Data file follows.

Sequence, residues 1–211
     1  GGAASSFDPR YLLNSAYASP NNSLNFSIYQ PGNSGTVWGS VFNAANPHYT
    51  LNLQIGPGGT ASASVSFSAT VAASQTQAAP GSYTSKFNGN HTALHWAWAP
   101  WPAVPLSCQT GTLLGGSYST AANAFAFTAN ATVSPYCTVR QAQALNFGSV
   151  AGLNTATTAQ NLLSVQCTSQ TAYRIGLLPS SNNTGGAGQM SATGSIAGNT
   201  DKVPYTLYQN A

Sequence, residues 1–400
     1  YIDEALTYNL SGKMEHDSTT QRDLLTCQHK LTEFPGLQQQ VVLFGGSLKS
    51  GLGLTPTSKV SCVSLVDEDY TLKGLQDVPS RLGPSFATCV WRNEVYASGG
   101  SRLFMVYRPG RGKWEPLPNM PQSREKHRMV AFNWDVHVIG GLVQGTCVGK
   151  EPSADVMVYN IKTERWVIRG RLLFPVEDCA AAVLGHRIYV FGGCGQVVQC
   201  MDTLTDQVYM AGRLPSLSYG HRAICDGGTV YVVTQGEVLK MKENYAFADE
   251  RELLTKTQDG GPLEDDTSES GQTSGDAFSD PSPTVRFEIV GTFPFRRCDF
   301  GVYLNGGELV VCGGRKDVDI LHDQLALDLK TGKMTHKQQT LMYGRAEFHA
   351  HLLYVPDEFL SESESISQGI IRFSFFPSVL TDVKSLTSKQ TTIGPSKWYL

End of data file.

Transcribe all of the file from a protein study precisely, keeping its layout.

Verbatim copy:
Sequence, residues 1–211
     1  GGAASSFDPR YLLNSAYASP NNSLNFSIYQ PGNSGTVWGS VFNAANPHYT
    51  LNLQIGPGGT ASASVSFSAT VAASQTQAAP GSYTSKFNGN HTALHWAWAP
   101  WPAVPLSCQT GTLLGGSYST AANAFAFTAN ATVSPYCTVR QAQALNFGSV
   151  AGLNTATTAQ NLLSVQCTSQ TAYRIGLLPS SNNTGGAGQM SATGSIAGNT
   201  DKVPYTLYQN A

Sequence, residues 1–400
     1  YIDEALTYNL SGKMEHDSTT QRDLLTCQHK LTEFPGLQQQ VVLFGGSLKS
    51  GLGLTPTSKV SCVSLVDEDY TLKGLQDVPS RLGPSFATCV WRNEVYASGG
   101  SRLFMVYRPG RGKWEPLPNM PQSREKHRMV AFNWDVHVIG GLVQGTCVGK
   151  EPSADVMVYN IKTERWVIRG RLLFPVEDCA AAVLGHRIYV FGGCGQVVQC
   201  MDTLTDQVYM AGRLPSLSYG HRAICDGGTV YVVTQGEVLK MKENYAFADE
   251  RELLTKTQDG GPLEDDTSES GQTSGDAFSD PSPTVRFEIV GTFPFRRCDF
   301  GVYLNGGELV VCGGRKDVDI LHDQLALDLK TGKMTHKQQT LMYGRAEFHA
   351  HLLYVPDEFL SESESISQGI IRFSFFPSVL TDVKSLTSKQ TTIGPSKWYL